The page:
Milwaukie, OR, United States | Member Since 2011
Yes, this is a classic and in this day and time with income inequality getting further apart this book is pertinent today. Don't pass this one up.
The first chapter and the last paragraphs are my favorites!
He has the voice that draws you in and makes you hold your breath while he tells the story of the French Revolution and the extremes that happen when people are ignored. He is a master!
This is a great cry! Sidney Carton is one of those antiheroes that you love, who breaks your heart by being the most noble of all the characters in the book.
Don't miss this book! Simon Vance reading Dickens? Nothing gets better than this!
This book is amazing. The story of the James Garfield assassination involving the shooter, James Lister (the doctor who discovered antiseptics), Alexander Graham Bell (the inventor who raced to find a way to save Garfield's life) and the man who could have been our greatest President ever, had he lived.
The villain in this story is not the man who shot the President, Guiteau an obviously crazy man, but the Doctor Bliss, the doctor in charge of saving Garfield's life. He was truly of the old school and did not follow Dr. Lister's methods. Sticking his dirty hands and/or sticks into Garfield to find the bullet and other methods that today seem like torture. Makes me wince just thinking about it.
The real hero of this story was James Garfield, a self made man. His father died when he was quite young and his mother brought him up as best she could. James worked on the Erie Canal and went to a prestigious school, first working as a janitor until the professors discovered how smart he was. The next year James taught 6 classes himself to earn his tuition. He graduated early and went on to an Ivy League school and then went back to his old high school to continue teaching. When the local senator died he was asked to replace him and as he felt it was his duty he accepted. During the Civil War he ended up being a General for the Union.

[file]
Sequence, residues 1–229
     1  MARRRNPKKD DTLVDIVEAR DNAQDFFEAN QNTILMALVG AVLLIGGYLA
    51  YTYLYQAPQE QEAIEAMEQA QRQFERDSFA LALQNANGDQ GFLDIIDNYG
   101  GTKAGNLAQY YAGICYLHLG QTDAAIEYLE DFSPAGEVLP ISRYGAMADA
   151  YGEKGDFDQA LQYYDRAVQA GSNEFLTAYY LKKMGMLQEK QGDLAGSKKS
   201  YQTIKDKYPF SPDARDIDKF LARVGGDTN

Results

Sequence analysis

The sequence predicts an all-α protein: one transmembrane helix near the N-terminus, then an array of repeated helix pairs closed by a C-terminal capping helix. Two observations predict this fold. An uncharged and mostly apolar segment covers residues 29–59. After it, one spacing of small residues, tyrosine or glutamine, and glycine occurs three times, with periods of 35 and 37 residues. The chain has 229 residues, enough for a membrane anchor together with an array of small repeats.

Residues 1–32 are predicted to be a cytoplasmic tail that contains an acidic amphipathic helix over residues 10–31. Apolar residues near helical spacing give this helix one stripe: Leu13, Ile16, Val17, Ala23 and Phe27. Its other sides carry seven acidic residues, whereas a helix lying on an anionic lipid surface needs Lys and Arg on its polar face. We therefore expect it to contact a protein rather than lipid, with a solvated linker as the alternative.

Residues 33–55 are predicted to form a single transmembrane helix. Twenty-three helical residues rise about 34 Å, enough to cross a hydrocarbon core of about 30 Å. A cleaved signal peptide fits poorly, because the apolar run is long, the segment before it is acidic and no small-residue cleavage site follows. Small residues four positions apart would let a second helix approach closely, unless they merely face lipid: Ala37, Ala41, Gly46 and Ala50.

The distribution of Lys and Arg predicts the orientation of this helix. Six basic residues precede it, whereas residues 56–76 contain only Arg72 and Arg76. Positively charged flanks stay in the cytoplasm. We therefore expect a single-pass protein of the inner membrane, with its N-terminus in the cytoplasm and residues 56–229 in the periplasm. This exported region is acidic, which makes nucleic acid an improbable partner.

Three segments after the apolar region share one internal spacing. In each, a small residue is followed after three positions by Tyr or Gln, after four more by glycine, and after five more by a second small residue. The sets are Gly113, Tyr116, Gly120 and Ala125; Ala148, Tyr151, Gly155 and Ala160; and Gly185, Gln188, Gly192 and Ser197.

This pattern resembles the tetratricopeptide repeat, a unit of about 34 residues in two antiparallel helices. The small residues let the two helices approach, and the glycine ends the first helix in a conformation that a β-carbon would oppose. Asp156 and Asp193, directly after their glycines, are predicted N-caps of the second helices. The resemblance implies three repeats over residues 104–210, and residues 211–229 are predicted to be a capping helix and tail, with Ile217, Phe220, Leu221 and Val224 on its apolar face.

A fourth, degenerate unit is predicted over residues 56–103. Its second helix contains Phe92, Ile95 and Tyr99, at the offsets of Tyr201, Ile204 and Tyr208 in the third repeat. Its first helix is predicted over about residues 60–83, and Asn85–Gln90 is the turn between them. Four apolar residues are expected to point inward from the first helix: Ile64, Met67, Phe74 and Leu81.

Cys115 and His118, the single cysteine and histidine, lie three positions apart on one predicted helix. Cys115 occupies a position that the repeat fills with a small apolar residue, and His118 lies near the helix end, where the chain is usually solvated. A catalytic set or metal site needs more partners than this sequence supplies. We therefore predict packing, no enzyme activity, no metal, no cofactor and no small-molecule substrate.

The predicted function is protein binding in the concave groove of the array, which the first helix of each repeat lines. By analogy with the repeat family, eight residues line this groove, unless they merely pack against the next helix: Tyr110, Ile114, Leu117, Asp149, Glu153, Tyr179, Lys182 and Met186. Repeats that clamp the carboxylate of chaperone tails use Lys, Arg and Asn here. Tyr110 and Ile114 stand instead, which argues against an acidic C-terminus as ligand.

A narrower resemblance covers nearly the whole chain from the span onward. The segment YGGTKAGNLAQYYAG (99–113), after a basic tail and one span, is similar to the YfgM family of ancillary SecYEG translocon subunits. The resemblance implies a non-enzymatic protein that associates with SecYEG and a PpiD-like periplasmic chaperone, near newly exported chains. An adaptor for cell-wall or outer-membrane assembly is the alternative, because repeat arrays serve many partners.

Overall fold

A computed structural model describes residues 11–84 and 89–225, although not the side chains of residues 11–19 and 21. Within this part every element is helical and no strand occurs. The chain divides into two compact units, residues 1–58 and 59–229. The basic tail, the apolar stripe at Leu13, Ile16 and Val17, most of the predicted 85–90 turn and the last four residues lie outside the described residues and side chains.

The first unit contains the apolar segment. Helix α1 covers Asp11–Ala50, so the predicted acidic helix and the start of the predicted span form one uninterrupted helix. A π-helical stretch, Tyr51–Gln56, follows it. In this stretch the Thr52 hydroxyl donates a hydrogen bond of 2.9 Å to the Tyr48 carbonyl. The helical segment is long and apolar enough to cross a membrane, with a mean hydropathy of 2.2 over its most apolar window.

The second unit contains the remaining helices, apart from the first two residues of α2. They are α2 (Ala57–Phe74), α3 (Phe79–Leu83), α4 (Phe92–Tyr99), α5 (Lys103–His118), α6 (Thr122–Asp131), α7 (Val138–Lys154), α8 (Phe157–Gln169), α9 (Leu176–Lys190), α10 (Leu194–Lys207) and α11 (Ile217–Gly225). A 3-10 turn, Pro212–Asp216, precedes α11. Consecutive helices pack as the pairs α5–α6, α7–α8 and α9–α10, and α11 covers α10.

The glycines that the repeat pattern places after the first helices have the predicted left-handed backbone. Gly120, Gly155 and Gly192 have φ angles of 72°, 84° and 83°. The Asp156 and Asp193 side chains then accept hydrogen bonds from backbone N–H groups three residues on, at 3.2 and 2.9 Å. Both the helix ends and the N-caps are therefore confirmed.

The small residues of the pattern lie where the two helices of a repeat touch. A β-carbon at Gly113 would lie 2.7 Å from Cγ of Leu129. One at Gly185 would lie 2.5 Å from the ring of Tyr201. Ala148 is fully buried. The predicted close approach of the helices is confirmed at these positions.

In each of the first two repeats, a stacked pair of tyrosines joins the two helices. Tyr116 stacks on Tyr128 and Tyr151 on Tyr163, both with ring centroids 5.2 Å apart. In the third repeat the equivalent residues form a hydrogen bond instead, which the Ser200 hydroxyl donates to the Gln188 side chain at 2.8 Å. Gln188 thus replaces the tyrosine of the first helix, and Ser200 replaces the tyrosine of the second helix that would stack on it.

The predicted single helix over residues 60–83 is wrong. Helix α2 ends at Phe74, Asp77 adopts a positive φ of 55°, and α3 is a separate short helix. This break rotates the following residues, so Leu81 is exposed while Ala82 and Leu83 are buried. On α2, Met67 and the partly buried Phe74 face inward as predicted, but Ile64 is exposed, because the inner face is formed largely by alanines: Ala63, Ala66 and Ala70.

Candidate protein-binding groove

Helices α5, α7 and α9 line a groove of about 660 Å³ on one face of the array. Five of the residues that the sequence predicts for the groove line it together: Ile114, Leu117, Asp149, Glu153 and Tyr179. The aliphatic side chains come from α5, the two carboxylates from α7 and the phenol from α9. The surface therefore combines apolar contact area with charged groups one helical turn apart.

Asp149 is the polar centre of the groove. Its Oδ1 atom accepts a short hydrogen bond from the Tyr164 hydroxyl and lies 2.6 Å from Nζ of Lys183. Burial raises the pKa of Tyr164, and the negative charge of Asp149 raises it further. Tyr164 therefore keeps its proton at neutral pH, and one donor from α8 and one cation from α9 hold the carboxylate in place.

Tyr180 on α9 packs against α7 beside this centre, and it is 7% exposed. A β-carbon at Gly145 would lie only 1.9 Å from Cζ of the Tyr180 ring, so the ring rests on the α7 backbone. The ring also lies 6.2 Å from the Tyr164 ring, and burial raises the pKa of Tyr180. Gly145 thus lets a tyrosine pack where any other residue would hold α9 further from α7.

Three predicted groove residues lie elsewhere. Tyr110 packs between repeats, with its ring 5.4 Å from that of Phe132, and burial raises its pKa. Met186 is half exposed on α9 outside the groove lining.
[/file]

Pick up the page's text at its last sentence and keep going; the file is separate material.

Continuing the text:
He was barely President when Guiteau shot him in a train station on July 2nd, 1881. He died Sept. 19th, 1881 and his autopsy showed the doctor in charge was looking on the wrong side of his body for the bullet. Many say now, that if they had left him alone he would have survived, since he died of the infections raging through his body. He was only 49 years old at his death.
The narrator was great and the story reads like a novel. I will always wonder what kind of Presidency Mr. Garfield would have had, had he lived. There is also a side story about his successor, Chester A. Arthur, a man known as a corrupt politician, who through the guidance of a woman named Julia Sand (an invalid who wrote Mr. Arthur letters about how he should handle this crisis) became a President that tried to follow what President Garfield would have done, much to the anger of his cronies.
Sometimes you just need to read for fun! This book is a great old fashioned ghost story with some 1920's ghost hunters thrown in.
It's the story of a girl who shows up dirty and disheveled and unable to talk at a farmer's door. They take her in and a few years later she hangs herself in the barn. Her ghost now haunts the barn and the ghost hunters are called in.
Alistair is a shell shocked Great War Veteran who has lots of money and nothing to do but research ghosts. He hires Sarah, a recent orphan who is working for a temporary agency, to be an assistant for a week at the haunting. Matthew is his other assistant, a badly burned veteran who can't sleep without having nightmares of the war. These three pledge to document and help Maddy Clare find peace.
This is a scary at times book with a love story thrown in for good measure. It was a quick listen and a really fun book. The characters are well drawn and the narrator does a fine job.
I will read more of Simone St. James.
This was an eye opening experience for me. While I have always thought that the South treated blacks differently than other parts of the United States, I never dreamed it was worse than ever for them until after World War II. I am not saying it was only in the Southern United States as people are racist all over and a lot of other states made it impossible for blacks to feel safe in those areas. What this book does is document the so called convict workers and how the majority of convicts were blacks and treated much differently than whites for similar crimes. For example a white man found riding the rails was sentenced to 10 days labor while a black man would be sentenced to 2 years or more for the same offence.